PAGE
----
Beyond Syria lay Mesopotamia bordered by the Tigris and Euphrates rivers; we still use Babylonia's 360°s as the measure of a circle. Farther east lay Parthia, Persia, Aria, and finally India bounded by the Indus and Ganges rivers.
In northern Asia lay the land of the Seres (i.e. Chinese and Tibetans; also called Sinae when approached by sea, from which comes the English language prefix "Sino-"), and then Scythia bordered by the Caspian Sea (which is shown as a harbor of the Ocean Sea).
In the transition to Europe lay Armenia and Sarmatia and "Asia Minor", bordering the Black Sea, to the southwest of which lay Thrace, and to the northwest of which lay Dacia. To the north of Dacia lay the island of Thule, which may have been Scandinavia. The Greek navigator Pytheas (c. 310 B.C.) described it as a land of midnight sun surrounded by a cold dense fog in which men could neither walk nor sail.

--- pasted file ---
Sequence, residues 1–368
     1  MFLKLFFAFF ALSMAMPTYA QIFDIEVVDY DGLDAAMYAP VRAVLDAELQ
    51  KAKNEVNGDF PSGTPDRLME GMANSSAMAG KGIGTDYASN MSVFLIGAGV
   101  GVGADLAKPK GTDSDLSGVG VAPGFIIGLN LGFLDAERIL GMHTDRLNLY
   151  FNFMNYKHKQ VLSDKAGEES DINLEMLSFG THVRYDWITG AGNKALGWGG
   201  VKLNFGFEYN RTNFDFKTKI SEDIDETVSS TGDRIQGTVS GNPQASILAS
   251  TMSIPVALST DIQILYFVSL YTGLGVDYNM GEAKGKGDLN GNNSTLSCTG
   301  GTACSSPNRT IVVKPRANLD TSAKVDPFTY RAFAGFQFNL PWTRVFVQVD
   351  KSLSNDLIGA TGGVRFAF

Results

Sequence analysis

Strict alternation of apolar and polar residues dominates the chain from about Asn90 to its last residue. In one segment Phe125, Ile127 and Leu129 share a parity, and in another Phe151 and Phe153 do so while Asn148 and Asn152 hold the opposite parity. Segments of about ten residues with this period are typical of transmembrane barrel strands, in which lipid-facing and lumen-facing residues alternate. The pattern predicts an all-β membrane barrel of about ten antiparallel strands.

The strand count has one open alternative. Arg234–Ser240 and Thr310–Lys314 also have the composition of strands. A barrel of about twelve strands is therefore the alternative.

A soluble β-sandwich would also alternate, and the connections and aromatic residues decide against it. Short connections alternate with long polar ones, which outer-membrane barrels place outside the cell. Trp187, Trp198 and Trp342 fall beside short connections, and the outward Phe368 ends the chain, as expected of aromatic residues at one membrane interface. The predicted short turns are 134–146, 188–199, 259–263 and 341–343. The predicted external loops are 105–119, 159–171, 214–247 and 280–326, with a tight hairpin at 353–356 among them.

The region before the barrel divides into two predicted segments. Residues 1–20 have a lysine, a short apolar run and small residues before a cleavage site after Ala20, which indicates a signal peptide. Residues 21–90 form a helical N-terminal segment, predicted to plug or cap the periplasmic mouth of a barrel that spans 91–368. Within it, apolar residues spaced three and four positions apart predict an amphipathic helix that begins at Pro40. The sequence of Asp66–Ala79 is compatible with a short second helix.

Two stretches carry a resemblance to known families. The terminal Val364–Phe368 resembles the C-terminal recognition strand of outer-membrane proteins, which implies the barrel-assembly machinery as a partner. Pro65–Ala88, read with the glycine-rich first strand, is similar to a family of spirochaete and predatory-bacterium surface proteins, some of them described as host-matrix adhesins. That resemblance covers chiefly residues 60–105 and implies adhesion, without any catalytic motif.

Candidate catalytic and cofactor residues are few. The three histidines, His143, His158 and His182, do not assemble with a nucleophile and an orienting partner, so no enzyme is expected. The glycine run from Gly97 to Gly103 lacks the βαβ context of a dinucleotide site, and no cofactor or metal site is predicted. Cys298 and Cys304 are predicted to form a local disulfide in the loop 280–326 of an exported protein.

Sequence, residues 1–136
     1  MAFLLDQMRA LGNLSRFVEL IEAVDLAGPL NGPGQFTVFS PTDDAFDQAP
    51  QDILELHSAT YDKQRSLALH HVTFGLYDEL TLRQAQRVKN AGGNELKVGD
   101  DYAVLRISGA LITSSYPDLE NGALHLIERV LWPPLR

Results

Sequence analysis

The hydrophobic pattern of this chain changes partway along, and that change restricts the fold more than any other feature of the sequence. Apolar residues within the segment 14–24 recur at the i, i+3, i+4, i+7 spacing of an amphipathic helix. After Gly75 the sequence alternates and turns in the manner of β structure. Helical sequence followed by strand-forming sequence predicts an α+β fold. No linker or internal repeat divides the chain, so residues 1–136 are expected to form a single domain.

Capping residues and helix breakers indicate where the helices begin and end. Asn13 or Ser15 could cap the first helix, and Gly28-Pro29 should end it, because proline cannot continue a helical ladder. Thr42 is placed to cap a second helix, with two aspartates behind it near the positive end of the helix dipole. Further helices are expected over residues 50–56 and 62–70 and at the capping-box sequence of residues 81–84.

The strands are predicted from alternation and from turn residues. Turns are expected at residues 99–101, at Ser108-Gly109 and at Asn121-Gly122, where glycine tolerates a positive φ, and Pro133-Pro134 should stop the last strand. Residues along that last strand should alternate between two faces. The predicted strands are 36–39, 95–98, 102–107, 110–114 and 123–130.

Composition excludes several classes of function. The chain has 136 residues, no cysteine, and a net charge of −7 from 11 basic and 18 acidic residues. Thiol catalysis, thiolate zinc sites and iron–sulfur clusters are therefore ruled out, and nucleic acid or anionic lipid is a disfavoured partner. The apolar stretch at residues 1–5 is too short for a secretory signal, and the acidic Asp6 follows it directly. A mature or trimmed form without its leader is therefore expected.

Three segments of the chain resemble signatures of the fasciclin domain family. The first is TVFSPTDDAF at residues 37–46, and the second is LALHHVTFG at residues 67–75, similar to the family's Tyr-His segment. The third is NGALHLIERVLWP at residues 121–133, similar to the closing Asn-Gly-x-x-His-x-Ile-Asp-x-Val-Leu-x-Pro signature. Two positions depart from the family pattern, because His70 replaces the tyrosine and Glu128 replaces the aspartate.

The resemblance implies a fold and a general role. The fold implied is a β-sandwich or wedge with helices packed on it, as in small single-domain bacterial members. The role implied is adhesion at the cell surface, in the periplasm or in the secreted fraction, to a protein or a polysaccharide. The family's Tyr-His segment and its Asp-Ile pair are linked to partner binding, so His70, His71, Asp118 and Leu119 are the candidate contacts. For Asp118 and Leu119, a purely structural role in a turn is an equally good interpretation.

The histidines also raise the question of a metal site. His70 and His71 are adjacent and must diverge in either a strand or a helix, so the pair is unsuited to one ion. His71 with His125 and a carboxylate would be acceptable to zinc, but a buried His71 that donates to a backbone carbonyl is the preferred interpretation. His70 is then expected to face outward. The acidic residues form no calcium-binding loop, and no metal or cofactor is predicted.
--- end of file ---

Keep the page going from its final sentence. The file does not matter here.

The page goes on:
The Rhine separated Germania from Gallia (Gaul). The people the Romans called "Germans" lived east of the Rhine and north of the Danube rivers. To the northwest lay Britannia. Bordering the Mediterranean were Hispania, Italia, Illyria, and finally Greece.
The word 'Europe' was first used by the Greeks to indicate central Greece, then the whole Greek mainland, and by 500 B.C. all the land to the north and west of Greece as well. The boundary between Europe and Asia was the Don River.
The Romans called the Mediterranean Sea Mare Nostrum ("Our Sea"). "We live round this sea," Plato wrote, "like frogs round a pond" (Phaedo 109b; tr. Tredennick). He was speaking of the human beings known to his time, "we who dwell between the river Phasis [which flowed into the eastern end of the Black Sea] and the Pillars of Heracles".